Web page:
There was a time when good family photography was only done by professional photographers. But now, thanks to the technology of today, anyone with a descent digital camera can learn how to take wonderful family photos. We do not even have to worry about if we brought enough film anymore. Now we can capture those laughs, smiles, and happy get-togethers with a push of a button.
Family portraits are a bit different though. These works of art are meant to offer something special about your family to the viewer. With that in mind, traditional family portraits do not cut it anymore. You know the ones I am talking about; you see them all the time: the immediate family in a staircase or diamond pattern, a nice pull down backdrop that looks all too familiar, all looking forward at the camera and saying ‘cheese’.
This in no way reflects anything personal or interesting about the family and eventually all of these portraits start looking the same. A family portrait should show how beautiful a family’s life is and how close they are. It is also a good to reflect a common interest that they share. So the next time you are setting up a family portrait, get creative.
Here are a few tips and ideas to keep in mind:
Theme – Some people think that themes are overrated. More than likely, they have a very boring family portrait. Find a theme that reflects the character of your family. My family likes to get dressed up as pirates for a local festival ever year, so last year we arranged our family portrait around that theme. They turned out great.
Activities – Are there any activities that you family enjoys doing together: camping, hiking, playing sports, or anything else? Arranging a shooting around a family activity not only reflects a close family with similar interests but everyone is more likely to have a good time and those smiles will be authentic.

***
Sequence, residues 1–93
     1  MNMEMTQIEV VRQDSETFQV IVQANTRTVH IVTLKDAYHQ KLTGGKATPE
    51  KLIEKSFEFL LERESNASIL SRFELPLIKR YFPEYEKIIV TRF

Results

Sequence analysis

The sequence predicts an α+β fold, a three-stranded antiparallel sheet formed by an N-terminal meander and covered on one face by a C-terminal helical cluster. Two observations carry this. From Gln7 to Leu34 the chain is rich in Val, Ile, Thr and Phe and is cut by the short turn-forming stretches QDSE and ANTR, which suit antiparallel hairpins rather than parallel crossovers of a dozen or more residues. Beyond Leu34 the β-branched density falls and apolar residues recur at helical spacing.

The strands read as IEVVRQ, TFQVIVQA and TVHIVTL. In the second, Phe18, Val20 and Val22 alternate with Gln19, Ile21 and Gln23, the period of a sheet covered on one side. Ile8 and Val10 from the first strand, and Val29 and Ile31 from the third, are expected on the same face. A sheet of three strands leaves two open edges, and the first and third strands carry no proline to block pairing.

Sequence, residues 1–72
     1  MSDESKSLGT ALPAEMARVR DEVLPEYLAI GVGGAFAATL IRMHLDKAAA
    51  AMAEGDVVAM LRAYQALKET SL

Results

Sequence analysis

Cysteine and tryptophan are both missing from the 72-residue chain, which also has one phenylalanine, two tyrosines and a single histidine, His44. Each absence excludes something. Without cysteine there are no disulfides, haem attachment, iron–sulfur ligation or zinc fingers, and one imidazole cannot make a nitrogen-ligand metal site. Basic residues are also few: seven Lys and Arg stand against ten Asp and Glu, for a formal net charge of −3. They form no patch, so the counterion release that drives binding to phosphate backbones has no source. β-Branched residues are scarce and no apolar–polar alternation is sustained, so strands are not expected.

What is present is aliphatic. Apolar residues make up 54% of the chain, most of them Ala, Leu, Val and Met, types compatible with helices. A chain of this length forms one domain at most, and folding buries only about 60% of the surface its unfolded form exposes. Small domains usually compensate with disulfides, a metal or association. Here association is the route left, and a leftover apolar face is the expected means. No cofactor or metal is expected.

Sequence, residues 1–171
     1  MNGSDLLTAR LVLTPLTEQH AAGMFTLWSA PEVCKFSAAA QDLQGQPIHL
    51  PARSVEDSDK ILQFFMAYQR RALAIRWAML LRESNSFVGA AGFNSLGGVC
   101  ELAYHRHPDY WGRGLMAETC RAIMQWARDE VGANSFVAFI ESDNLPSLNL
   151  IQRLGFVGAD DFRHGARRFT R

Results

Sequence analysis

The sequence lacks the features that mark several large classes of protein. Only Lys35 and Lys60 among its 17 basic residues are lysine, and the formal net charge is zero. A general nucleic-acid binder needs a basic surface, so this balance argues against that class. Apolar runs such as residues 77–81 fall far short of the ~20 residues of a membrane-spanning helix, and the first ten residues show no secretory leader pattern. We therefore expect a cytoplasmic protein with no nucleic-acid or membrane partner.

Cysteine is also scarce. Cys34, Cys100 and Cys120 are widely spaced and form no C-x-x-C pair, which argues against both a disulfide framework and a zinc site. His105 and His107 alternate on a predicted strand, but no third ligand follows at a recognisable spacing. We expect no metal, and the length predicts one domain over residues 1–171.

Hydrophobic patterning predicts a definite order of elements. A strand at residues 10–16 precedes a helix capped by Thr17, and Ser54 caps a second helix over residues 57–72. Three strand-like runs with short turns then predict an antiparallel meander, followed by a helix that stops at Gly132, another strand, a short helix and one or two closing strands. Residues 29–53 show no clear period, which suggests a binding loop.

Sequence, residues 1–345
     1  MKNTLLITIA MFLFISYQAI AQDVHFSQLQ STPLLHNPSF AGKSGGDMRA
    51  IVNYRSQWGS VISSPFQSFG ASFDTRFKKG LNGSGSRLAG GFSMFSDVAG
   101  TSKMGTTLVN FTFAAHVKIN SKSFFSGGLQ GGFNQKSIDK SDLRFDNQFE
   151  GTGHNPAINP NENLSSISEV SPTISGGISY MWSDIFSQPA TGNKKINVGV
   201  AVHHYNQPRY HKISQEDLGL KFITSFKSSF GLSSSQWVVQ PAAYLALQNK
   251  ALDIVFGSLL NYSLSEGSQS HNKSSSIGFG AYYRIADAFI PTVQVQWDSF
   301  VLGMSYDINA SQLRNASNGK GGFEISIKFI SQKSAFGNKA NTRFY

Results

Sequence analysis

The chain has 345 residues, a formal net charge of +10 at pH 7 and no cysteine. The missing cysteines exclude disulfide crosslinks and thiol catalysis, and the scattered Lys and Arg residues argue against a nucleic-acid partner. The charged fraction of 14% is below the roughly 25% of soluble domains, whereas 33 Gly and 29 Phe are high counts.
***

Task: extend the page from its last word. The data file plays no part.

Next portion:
Natural Background – Backdrops are convenient but they have been done to death. You will also start to see common backdrops between different families’ portraits. To go along with the previous two ideas, use natural backgrounds. Yes, this means that the portraits should be taken outside (be sure to set your white balance). Natural lighting can also be a bit harsh on sunny days so it is best to take these portraits just after sunrise or just before sunset.
Always Use a Tripod – If you are taking the portraits yourself, use a tripod. It is possible to hold the camera still enough to take a good shot, but it takes a lot of practice. It is much easier to just use a tripod, or at least a unipod.
Remote Shutter – If you have an SLR it may have a remote shutter function. This will allow you to stand off from the camera a bit and do a more natural distant interaction with the family. When the moment is right, release the shutter and capture a more natural looking scene. To do this, the area of the portrait has to be set up in advance, along with all camera settings for taking the shot: focus, aperture setting, and white balance. All of the subjects need to be made aware of the portrait boundaries. This tip is very optional but I have had good results with it; it takes a bit of practice though.
If you keep these tips and family portrait ideas in mind the next time you are setting one up, you are more likely to get the kind of results that look more original